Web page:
The Lakewalk complete, I plow upward and pass a couple of young grouse hunters, a sure sign of coming autumn. The Kadunce River had been my tentative goal for the day, but the campsite atop a ridge with no view of the river doesn’t strike my fancy, so I stop to refill my water bottle below some falls past the site and push on. The trail here is immaculate, the fruits of a diligent trail crew that I encounter rebuilding a bridge over the west fork of the Kadunce. I thank them for their work, skip past their site, and waffle over taking the passable campsite on Crow Creek before deciding to trust the guidebook’s glowing description of Kimball Creek 1.2 miles onward.
Kimball Creek rewards my patience: after a long descent down from a road, I come to a pleasant site perched above a rushing creek. I set up camp, read and write in peace, content, and decide to prepare my dinner. I then discover my grave error: somehow, I’ve managed not to pack a lighter or matches; even if I’d wanted to make a fire, all of the wood around me is wet. I settle for a freeze-dried meal made with lukewarm water, all but the rice in my “Himalayan” lentil dish reconstitutes passably, and I wash it down with some bourbon. After spending a night at a site with 12 other people in May, I appear to have Kimball Creek to myself tonight, and I’m delighted at this chance to write in peace.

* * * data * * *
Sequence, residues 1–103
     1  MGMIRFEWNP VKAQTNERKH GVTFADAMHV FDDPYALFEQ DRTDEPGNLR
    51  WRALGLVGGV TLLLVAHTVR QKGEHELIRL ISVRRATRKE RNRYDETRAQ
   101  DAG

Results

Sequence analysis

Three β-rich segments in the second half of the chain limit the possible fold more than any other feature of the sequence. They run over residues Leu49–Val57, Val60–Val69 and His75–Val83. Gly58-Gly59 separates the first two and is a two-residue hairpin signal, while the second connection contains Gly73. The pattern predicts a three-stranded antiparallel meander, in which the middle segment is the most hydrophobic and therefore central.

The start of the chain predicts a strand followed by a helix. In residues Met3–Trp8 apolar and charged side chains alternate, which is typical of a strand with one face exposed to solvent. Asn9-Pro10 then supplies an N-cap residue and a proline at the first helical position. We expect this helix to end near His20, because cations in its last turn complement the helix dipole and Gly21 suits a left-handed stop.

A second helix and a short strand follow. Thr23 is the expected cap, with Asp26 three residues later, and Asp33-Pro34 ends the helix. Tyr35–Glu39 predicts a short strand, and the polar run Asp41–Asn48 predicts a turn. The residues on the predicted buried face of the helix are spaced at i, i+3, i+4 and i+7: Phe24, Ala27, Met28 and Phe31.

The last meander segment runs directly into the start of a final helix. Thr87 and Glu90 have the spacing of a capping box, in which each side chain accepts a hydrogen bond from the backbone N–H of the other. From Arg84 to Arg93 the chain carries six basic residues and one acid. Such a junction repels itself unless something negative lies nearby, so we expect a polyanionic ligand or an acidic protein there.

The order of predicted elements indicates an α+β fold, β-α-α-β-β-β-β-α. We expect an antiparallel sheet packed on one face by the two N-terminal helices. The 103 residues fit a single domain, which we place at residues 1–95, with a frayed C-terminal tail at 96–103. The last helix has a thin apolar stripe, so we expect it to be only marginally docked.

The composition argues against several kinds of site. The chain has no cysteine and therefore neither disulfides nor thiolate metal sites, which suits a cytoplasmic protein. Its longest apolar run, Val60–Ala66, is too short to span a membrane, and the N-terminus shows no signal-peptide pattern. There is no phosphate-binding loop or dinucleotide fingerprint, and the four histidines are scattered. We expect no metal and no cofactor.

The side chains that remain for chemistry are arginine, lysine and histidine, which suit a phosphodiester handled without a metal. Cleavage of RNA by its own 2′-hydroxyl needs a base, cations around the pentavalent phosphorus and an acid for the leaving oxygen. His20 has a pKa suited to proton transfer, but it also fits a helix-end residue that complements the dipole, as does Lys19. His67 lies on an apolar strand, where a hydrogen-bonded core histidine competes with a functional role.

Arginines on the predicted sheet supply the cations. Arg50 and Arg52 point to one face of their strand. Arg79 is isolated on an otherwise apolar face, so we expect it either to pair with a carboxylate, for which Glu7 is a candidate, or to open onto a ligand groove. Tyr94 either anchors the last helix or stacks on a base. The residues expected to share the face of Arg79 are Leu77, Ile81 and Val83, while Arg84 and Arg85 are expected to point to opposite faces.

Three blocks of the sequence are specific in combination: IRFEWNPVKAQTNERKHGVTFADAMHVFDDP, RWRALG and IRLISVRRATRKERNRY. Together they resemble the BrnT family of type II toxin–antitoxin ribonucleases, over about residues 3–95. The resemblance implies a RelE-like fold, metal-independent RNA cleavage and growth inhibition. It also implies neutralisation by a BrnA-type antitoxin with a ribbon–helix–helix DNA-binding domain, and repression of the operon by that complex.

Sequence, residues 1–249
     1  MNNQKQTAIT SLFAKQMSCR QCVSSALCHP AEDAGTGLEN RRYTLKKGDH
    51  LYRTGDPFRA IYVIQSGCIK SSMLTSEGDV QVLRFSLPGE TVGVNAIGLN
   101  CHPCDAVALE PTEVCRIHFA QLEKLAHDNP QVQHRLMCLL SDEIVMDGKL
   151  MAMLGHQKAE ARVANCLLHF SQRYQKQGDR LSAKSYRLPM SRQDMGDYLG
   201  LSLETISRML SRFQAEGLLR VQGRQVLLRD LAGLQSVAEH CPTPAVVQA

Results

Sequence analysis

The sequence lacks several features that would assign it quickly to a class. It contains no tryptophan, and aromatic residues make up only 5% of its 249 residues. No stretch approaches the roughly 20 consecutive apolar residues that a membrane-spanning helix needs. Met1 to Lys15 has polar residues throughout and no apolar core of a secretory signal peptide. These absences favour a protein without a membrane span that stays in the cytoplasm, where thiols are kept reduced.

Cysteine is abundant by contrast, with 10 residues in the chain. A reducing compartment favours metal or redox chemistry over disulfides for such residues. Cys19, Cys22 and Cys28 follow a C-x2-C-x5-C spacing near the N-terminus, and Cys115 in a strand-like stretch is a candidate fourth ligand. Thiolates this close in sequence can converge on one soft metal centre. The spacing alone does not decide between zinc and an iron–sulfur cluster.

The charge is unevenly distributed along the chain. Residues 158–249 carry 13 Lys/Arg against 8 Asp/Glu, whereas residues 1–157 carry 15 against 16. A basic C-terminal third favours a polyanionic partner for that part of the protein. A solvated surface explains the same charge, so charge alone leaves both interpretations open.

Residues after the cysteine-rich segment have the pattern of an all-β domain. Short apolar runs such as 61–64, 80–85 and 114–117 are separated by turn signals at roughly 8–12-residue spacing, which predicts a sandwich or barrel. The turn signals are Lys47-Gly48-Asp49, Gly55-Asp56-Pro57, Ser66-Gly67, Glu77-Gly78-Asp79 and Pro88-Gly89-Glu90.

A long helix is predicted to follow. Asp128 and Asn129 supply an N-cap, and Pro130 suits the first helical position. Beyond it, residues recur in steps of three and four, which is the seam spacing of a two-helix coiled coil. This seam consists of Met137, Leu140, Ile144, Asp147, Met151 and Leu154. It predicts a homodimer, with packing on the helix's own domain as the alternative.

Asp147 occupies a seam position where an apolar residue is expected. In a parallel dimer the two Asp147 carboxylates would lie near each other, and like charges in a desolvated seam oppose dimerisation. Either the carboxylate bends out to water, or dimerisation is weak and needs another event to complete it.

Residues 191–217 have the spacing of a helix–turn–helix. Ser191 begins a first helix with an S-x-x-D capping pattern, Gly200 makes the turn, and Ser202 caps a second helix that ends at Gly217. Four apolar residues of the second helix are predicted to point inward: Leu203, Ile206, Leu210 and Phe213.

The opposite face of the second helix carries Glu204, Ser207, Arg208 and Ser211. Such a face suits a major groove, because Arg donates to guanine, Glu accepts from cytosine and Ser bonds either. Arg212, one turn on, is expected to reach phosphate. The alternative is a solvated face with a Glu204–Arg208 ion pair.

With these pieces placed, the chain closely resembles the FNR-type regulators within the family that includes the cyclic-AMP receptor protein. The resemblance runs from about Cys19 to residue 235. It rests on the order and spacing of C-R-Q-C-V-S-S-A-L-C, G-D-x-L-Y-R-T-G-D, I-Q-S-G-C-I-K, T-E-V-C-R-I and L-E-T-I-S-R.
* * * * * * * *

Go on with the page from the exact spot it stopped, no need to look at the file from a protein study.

That all changes at dusk, when Jerry stumbles into camp. He’s a middle-aged hiker with a t-shirt that proclaims him a “Drunkle,” and he’s parked his car along the road at the top of the bank and is using this site as a base for a hiking adventure up toward the Boundary Waters. There’s no escape from my chatty new sitemate, but he’s an amiable veteran of wilderness adventures and he shares some of his various sinful goodies with me, which further wipes away the taste of my mediocre dinner. I write long into the night after we retreat to our tents, and struggle through a fitful, cool night’s sleep.